Nerve Conduction Test
Definition: evaluation of peripheral nerves by nerve conduction testing involves measurement of the velocity of an electrical stimulus in a target nerve.
Method: the test is done by pre cutaneous stimulation of a nerve at two separate points along its course and recording the electrical response (evoked action potentials) on the skin (for sensory nerves) or an associated muscle(for motor nerves). This test helps to evaluate both generalized and localized neuropathies that might affect peripheral nerves or muscle function. Nerve conduction testing is usually performed by a specially trained physiatrist or neurologist, often at the same time as electromyography. Referrals should include a clinical history and the reason for the precedure.
Normal in: nerve conduction is normal in primary muscle disorders, myasthenia gravis radiculopathies, and amyotrophic lateral sclerosis.
Abnormal in: detection of abnormalities in all extremities suggests generalized disorders such as polyneuropathy, mononeuritis multiplex, or guillain barre syndrome. If only localized abnormalities are found, then mechanical problems with nerve entrapment (e.g., carpal tunnel syndrome) or localized inflammatory problems such as mononeuritis multiplex should be considered. Measurement to confirm a diagnosis of carpal or tarsal tunnel syndrome can be limited to the involved extremity, whereas a more generalized problem requires evaluation of all limbs.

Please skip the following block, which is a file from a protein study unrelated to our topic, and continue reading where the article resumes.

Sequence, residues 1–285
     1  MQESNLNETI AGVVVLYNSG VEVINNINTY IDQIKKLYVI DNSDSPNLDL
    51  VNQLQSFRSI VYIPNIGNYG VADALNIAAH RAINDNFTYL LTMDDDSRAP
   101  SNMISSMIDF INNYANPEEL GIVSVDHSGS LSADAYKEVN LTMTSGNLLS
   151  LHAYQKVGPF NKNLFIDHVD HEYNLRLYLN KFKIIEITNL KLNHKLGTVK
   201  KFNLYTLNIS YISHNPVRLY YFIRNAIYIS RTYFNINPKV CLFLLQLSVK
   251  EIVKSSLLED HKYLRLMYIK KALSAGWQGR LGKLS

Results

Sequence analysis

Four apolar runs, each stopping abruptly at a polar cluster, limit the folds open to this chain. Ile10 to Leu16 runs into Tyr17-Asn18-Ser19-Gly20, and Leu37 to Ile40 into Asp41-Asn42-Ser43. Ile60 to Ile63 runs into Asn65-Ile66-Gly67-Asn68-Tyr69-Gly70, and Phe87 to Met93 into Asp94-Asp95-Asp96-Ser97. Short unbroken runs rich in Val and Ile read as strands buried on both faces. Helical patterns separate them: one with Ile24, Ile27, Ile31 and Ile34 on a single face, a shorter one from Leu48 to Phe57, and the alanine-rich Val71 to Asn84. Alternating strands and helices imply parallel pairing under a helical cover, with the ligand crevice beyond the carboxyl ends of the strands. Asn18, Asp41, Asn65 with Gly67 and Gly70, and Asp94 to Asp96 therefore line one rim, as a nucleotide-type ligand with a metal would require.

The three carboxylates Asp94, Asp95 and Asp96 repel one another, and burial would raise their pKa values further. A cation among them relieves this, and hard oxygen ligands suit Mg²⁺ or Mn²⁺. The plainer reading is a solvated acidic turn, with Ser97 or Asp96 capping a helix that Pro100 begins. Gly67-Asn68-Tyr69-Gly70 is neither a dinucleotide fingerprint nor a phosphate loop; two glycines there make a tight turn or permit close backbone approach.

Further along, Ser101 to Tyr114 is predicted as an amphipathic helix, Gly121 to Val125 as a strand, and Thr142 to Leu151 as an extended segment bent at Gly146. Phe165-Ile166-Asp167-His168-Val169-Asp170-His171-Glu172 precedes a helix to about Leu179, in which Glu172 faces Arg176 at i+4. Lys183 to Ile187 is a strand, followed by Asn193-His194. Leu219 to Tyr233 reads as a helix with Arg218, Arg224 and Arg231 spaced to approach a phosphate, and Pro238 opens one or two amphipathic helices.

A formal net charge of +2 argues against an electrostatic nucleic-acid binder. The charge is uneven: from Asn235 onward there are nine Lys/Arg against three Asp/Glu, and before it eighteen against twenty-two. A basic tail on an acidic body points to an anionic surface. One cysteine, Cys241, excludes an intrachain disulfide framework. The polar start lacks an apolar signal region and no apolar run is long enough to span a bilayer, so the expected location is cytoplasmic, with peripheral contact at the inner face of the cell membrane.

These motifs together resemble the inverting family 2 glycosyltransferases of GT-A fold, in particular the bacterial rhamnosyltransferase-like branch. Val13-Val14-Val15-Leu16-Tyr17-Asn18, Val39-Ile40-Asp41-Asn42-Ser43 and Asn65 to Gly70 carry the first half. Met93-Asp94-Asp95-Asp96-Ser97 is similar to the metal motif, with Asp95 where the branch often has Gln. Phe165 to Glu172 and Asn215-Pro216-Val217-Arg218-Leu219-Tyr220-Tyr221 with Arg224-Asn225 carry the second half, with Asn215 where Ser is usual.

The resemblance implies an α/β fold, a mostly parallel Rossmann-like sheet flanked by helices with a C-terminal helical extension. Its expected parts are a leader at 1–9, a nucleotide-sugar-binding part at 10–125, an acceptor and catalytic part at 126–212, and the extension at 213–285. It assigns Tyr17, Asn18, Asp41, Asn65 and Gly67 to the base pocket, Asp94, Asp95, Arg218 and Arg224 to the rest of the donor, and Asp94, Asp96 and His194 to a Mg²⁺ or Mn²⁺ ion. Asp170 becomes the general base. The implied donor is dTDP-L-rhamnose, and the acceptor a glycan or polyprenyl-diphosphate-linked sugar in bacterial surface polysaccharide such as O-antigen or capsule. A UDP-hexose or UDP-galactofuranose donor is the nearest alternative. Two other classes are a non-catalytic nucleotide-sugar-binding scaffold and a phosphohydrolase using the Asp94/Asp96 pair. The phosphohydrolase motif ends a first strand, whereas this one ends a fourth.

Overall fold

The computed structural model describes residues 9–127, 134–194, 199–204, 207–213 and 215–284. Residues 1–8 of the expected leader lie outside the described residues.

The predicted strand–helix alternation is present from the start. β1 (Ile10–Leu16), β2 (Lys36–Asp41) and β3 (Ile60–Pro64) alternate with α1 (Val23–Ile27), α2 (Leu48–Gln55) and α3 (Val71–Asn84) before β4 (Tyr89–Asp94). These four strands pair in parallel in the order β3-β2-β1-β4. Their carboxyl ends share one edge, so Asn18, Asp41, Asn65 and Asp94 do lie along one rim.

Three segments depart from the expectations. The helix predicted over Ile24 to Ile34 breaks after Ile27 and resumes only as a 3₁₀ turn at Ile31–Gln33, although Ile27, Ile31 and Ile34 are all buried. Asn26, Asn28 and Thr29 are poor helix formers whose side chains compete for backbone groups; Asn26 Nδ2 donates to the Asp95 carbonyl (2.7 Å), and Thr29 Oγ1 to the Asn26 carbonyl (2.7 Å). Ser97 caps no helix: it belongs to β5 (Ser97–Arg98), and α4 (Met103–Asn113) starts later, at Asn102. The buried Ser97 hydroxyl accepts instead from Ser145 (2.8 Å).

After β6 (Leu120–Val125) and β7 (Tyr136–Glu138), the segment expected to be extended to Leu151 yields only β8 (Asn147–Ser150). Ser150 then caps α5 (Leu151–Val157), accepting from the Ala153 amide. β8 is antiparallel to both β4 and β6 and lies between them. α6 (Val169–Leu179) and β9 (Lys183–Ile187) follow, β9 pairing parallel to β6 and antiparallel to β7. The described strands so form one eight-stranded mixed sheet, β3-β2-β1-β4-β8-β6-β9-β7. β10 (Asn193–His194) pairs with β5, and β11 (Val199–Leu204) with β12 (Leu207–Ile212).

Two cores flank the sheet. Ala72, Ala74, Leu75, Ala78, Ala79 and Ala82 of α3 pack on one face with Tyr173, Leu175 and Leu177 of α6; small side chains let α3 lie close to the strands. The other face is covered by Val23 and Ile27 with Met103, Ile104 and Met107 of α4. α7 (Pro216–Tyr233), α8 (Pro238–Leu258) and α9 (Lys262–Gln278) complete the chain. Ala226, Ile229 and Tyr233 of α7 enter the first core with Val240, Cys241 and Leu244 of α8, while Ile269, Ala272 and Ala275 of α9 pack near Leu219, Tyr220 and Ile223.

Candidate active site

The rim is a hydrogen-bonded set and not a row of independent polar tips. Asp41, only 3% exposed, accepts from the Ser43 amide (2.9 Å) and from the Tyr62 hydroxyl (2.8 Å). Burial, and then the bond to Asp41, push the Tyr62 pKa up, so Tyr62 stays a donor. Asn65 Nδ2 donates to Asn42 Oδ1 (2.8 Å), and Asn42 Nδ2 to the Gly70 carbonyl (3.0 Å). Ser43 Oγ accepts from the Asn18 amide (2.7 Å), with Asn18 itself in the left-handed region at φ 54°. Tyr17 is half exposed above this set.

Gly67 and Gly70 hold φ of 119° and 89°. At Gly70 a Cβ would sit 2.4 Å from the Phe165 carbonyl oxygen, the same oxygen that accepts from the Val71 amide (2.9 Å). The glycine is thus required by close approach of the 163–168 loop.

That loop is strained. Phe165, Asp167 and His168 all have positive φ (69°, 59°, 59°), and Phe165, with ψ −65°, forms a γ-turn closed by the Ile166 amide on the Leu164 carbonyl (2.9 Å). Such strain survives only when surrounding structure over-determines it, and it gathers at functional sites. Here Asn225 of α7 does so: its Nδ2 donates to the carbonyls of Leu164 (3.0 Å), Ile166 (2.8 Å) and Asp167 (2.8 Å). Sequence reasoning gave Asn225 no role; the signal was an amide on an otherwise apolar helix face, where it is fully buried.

Confounding factors: a cardiac pacemaker (or implanted defibrillator) may influence evoked potentials. Results are unreliable or unobtainable in agitated or uncooperative patients. Results are not affected by medications.
Indications: nerve conduction velocity testing is a noninvasive procedure appropriate for evaluating neuropathies. Specifically, nerve conduction velocity is useful in determining the extent of nerve involvement (that is polyneuropathy versus mononeuritis multiplex) and whether a demyelinating or axonal process is present. It is often useful in distingushing neuropathic from myopathic causes of muscle weakness. Diagnostic findings may occur in patients with entrapment syndromes (e.g., carpal tunnel syndrome), guillain Barre syndrome, Eaton Lambert syndrome, and myasthenia gravis.
Motor nerve conduction velocity’s are recorded from surface electrodes taped over muscles distally in the limb. Normative control values for motor nerve conduction velocities at different ages are used for comparison. This difference is attributable to the degree of myelination, which increases with age over the early developmental years. Although nerve conduction velocities are fairly uniform from age 3 years though adulthood, nerve conduction volocities can vary based on several conditions. To study motor conduction, the nerve is supramaximally stimulated at two or more points along its course where it is most superficial.
Sensory nerve conductions are generally unaffected by lesions proximal to the dorsal root ganglion even though there is sensory loss. Sensory testing is good for localizing a lesion either proximal or distal to the dorsal root ganglia. In addition, sensory nerve potential is lower in amplitude than compound motor action potentials and can be obscured by electrical activity or artifacts. Sensory axons are evaluated in four ways: stimulating and recording from a cutaneous nerve, recording from a cutaneous nerve while stimulating a mixed nerve, recording from a mixed nerve, while stimulating a cutaneous nerve and recording from the spinal column while a cutaneous nerve or mixed nerve is stimulated. Variables measured include onset latency, peak latency, and peak to peak amplitude.